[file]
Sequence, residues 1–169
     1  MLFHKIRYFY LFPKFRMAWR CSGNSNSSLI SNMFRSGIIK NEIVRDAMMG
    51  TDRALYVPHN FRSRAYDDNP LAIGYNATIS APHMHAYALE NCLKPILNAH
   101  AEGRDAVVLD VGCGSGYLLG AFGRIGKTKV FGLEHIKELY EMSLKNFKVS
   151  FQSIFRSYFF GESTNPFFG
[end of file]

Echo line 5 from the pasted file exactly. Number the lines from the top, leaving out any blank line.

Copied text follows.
   151  FQSIFRSYFF GESTNPFFG